Knative: An Opinionated Kubernetes

Use Knative when you can, and Kubernetes when you must.

This post provides a fresh view of Knative. Not as a solution for Serverless, but as an Opinionated Kubernetes. The additional automation, simplification, and multiple other benefits offered by Knative make deploying services via Knative a better choice than deploying the same services using Kubernetes directly. Knative extends Kubernetes and allows mix and match between Knative services and Kubernetes microservices.


As an opinionated system, it requires each deployed service to work in a certain way. The post analyzes Knative benefits to Kubernetes microservice users. It concludes that many existing microservices are already built to run as Knative services offering an immediate benefit to users.

What does Knative offer on top of Kubernetes?

Automation

Knative eliminates many Kubernetes complexities. It automates the entire microservice deployment process. Users need only provide a high-level service definition. Given a service definition, Knative automatically derives and creates the necessary Kubernetes resources for the microservice to become operational. Further, since all resources are automatically derived, misconfiguration of any of the resources is no longer a possibility.

In this way Knative takes care of the details of networking, scaling, revision tracking, and more; while eliminating the need for the Kubernetes user to deploy and later maintain these resources manually as commonly done in Kubernetes outside of Knative.

Simplification

Knative allows users to deploy Kubernetes services using a much simpler and straightforward CLI tool (See KN) and hide the many implementation details normally exposed to Kubernetes users. The number of configuration knobs is drastically reduced which means Kubernetes services deployed with Knative take much less effort to both deploy and then maintain. Last, to use Knative, the user is not required to have a full understanding of Kubernetes which means a higher return on the time invested.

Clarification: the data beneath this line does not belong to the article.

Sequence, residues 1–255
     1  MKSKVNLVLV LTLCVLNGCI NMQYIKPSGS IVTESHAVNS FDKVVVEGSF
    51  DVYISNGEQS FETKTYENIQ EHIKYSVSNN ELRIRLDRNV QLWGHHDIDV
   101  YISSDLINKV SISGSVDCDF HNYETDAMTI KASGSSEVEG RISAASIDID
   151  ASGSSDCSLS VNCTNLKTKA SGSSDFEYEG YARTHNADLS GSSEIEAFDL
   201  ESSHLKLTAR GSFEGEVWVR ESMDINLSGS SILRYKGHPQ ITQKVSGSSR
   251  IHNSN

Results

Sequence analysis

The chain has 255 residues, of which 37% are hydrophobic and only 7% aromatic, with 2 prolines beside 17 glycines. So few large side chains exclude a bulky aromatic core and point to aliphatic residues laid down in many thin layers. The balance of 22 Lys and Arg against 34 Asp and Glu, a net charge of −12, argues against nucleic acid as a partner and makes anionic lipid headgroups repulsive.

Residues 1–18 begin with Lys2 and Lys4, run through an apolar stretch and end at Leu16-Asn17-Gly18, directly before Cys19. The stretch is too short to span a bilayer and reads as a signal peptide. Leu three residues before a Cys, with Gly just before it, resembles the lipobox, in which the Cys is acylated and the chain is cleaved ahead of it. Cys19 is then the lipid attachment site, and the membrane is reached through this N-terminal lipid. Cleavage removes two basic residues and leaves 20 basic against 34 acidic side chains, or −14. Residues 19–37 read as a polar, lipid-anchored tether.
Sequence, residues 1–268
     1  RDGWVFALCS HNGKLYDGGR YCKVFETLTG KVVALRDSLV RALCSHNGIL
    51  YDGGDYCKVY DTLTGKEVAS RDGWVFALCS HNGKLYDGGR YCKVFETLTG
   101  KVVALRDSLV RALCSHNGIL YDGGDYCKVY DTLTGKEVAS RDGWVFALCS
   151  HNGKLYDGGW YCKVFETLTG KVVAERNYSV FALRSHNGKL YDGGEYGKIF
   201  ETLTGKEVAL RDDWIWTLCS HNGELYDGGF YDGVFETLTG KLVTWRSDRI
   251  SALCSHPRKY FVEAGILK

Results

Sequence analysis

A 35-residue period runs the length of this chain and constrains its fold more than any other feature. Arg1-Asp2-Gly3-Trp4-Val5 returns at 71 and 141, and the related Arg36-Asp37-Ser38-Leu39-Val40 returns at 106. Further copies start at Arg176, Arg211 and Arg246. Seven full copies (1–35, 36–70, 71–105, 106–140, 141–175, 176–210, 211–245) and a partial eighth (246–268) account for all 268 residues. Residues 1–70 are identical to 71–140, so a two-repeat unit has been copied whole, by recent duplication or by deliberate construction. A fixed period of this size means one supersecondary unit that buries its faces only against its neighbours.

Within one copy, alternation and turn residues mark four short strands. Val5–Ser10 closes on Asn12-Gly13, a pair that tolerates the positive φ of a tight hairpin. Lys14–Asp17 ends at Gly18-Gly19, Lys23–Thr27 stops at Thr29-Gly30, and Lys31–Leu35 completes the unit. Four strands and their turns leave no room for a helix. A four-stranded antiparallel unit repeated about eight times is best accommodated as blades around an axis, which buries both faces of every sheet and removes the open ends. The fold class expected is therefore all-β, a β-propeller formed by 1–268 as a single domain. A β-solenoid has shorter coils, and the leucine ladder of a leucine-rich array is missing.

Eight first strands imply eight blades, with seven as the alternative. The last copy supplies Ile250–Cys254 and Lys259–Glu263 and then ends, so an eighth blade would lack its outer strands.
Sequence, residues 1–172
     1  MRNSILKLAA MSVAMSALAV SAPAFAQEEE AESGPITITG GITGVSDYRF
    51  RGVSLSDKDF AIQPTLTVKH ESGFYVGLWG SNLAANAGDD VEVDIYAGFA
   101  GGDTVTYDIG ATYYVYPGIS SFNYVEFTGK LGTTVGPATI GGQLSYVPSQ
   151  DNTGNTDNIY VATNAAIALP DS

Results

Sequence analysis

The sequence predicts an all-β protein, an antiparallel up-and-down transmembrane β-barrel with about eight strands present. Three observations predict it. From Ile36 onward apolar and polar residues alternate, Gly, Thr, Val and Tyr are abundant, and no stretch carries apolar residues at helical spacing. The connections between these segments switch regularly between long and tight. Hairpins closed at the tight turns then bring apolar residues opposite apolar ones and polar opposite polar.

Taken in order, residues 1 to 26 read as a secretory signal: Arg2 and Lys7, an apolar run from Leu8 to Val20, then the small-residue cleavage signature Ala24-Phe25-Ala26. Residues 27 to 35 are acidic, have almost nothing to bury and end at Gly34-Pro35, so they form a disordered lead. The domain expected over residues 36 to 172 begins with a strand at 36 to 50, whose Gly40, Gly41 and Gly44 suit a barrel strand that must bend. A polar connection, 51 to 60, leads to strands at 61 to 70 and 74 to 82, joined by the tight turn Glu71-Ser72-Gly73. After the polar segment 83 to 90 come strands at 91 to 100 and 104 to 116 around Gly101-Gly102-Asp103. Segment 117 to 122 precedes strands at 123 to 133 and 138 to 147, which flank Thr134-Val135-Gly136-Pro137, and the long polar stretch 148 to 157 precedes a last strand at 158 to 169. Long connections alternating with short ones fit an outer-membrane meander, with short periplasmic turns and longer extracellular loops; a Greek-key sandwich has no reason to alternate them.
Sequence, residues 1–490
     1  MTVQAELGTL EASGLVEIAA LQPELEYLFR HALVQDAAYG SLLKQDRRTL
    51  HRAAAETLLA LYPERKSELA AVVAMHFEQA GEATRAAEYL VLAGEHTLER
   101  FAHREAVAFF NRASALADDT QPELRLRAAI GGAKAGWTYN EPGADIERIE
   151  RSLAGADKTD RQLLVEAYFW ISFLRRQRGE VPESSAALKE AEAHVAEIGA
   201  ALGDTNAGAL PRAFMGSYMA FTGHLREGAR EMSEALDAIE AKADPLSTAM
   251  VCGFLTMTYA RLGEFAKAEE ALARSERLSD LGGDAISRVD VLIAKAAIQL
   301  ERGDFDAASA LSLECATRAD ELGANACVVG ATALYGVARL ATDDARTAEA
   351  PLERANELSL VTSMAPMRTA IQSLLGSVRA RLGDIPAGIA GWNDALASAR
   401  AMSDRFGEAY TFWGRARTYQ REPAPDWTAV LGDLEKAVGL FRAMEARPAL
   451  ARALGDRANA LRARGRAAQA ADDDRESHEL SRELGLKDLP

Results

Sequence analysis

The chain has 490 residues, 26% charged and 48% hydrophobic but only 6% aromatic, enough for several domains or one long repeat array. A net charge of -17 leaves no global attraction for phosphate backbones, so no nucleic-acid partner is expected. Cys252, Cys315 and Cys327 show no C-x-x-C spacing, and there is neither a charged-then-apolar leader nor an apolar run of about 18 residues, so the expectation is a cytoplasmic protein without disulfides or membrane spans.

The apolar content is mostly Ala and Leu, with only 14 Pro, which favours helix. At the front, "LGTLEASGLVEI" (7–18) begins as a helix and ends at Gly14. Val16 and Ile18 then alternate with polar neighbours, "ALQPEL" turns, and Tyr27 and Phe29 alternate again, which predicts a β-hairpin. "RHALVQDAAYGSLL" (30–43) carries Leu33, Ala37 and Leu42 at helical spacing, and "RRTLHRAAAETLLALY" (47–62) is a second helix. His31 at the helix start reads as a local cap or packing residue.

Auto-Scaling

Knative introduces automated horizontal scaling to Kubernetes services out-of-the-box. It adjusts the number of pod replicas to the actual load as needed. Both the Knative Pod Autoscaler and the Kubernetes standard Horizontal Pod Autoscaler are supported. This eliminates the need for the user to ensure sufficient pre-provisioning to absorb any peak time loads. Consequently, Knative will use fewer pods on average, compared to running the same microservices on Kubernetes without Knative. This allows many more services to be served by any given Kubernetes cluster.

For Kubernetes offered as a service, auto-scaling enables users to pay less – pay only for what is being used, without the need to pre-provision resources based on peak time requirement projections.

Controlled Revisions

One complex aspect of microservice maintenance is when a new revision of the microservice needs to be deployed. Rolling a new revision without service downtime and being able to roll back in case issues were detected with the new revision, are essential for production environments. By default, Kubernetes achieve rolling updates pod-by-pod with slight performance degradation.

Knative automates the revision updates and offers the user a much more controlled process to safeguard against the hazards of deploying new revisions. For example, Knative allows the user to initially deploy only 1% of the traffic to the new revision and gradually decide to remove the previous revision once the user is sufficiently confident that the new revision is safe for use.

An Application Backbone

Knative serves as the application backbone. It queues and distributes the application events and thus ensures that each application layer can scale independently. Knative ability to queue the events helps decouple the different application layers and absorb the application load as needed until the application layer is auto-scaled.

In practice, Knative handles all inter-microservice communications between services deployed on Knative and all ingress communications, such that in most cases, the application will no longer require to deploy/use/configure any additional queuing/eventing systems – a significant benefit by itself.  

The Serverless Pattern: Using Knative as an Opinionated Kubernetes